How does Medicaid financing work?

Under current law, Medicaid provides a guarantee to individuals eligible for services and to states for federal matching payments with no pre-set limit. Medicaid provides an entitlement to income eligible individuals. The federal government matches state spending for eligible beneficiaries and qualifying services based on state spending and program need without a limit. The federal share of Medicaid is determined by a formula set in statute that is based on a state’s per capita income. The formula is designed so that the federal government pays a larger share of program costs in poorer states. The federal share (FMAP) varies by state from a floor of 50 percent to a high of 77 percent in 2020, and states may receive higher FMAPs for certain services or populations (Figure 1).1 In 2017, the federal government paid more than 60 percent of total Medicaid costs with the states paying about 40 percent.2 Each quarter, states report their Medicaid costs (for qualified beneficiaries and services) to the federal government, and the federal government matches those costs at the state’s matching rate.

Figure 1: States with lower per capita incomes have a higher federal matching rate for Medicaid.

To participate in Medicaid and receive federal matching dollars, states meet core federal requirements.3 States must provide certain core benefits (e.g. hospital, physician, and nursing home services) to core populations (e.g., poor pregnant women and children) without imposing waiting lists or enrollment caps. States may also receive federal matching funds to cover “optional” services (e.g., adult dental care) or “optional” groups (e.g., elderly with high medical expenses). States also have discretion to determine how to purchase covered services (e.g., through fee-for-service or managed care arrangements) and to set provider payment amounts. Based on program flexibility, spending per Medicaid enrollee varies significantly across eligibility groups and states.4

There are special match rates for the ACA, administration, and other services. While the standard FMAP applies to the vast majority of Medicaid spending, there are a few exceptions that provide higher match rates for specific populations and services including family planning, some new options to expand community long-term care services, and most notably the Affordable Care Act (ACA) provided 100 percent federal financing for those made newly eligible by the law from 2014 to 2016 (with that match phasing down to 90 percent by 2020). In general, costs incurred by states in administering the Medicaid program are matched by the federal government at a 50 percent rate. There are, however, some types of administrative functions which are matched at higher rates such as eligibility and enrollment systems.5 Medicaid administrative costs in general represent a relatively small portion of total Medicaid spending (5 percent or less).6

Medicaid also provides “disproportionate share hospital” (DSH) payments to hospitals that serve a large number of Medicaid and low-income uninsured patients.7 Federal DSH payments totaled $15.1 billion in FFY 2017.8 While states have considerable discretion in determining the amount of DSH payments to each DSH hospital, federal DSH funds are capped for the state and also capped at the facility level. Based on the assumption of increased coverage and therefore reduced uncompensated care costs under the ACA, the law called for a reduction in federal DSH allotments starting in FFY 2014. The cuts have been delayed several times and are currently set to take effect in FFY 2020.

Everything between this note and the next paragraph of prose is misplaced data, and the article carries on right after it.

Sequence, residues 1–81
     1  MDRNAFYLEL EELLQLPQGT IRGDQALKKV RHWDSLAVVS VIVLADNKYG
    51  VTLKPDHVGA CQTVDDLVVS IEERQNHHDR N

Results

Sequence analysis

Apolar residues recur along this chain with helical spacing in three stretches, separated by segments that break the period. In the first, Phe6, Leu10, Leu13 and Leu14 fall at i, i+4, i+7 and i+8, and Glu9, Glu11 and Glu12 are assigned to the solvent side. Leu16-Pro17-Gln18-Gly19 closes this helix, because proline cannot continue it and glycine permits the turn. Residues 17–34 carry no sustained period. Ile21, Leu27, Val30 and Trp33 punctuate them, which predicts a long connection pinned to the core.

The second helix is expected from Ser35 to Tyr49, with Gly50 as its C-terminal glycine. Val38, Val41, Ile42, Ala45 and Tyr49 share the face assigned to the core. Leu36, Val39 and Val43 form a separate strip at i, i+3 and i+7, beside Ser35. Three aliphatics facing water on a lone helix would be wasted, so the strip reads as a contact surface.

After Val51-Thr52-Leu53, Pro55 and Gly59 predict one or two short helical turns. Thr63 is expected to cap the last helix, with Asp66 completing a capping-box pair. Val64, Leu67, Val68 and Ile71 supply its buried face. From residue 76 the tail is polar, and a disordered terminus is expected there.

Unlike in the 50 states and D.C., annual federal funding for Medicaid in the territories is subject to a statutory cap and fixed matching rateNotwithstanding temporary relief funds, once a territory exhausts its capped federal funds, it no longer receives federal financial support for its Medicaid program during that fiscal year. This places additional pressure on territory resources if Medicaid spending continues beyond the federal cap – making the effective match rate lower than what is set in statute. The ACA included $7.3 billion in additional funds available across all five territories under the ACA, but most of these funds expire at the end of September 2019. The ACA also increased the traditional territory FMAP from 50 percent to 55 percent (plus 2.2 percentage points for 2014 and 2015) and provided the territories with a higher matching rate for non-disabled adults without children (87 percent in 2017). Puerto Rico and United States Virgin Islands (USVI) received additional funds with 100 percent match rate after Hurricanes Irma and Maria hit Puerto Rico and the USVI in September 2017. However, these funds also expire at the end of September 2019.

How much does Medicaid cost and how are funds spent?

Capitated payments to health plans and for other Medicaid managed care (e.g., PCCM arrangements) account for 49 percent of Medicaid spending. In FY 2017, Medicaid spending on services totaled $576.6 billion.9 Managed care and health plans10 accounted for the largest share of Medicaid spending (48.9 percent) (with the majority of that share (45.8 percent) being payments to MCOs), 24.6 percent  of Medicaid spending is for fee-for-service acute care (24.6 percent), 20.6 percent for fee-for-service long-term care, 2.6 percent for DSH and 3.3 percent for Medicaid spending for Medicare premiums and cost-sharing on behalf of dual eligible beneficiaries (Figure 2).11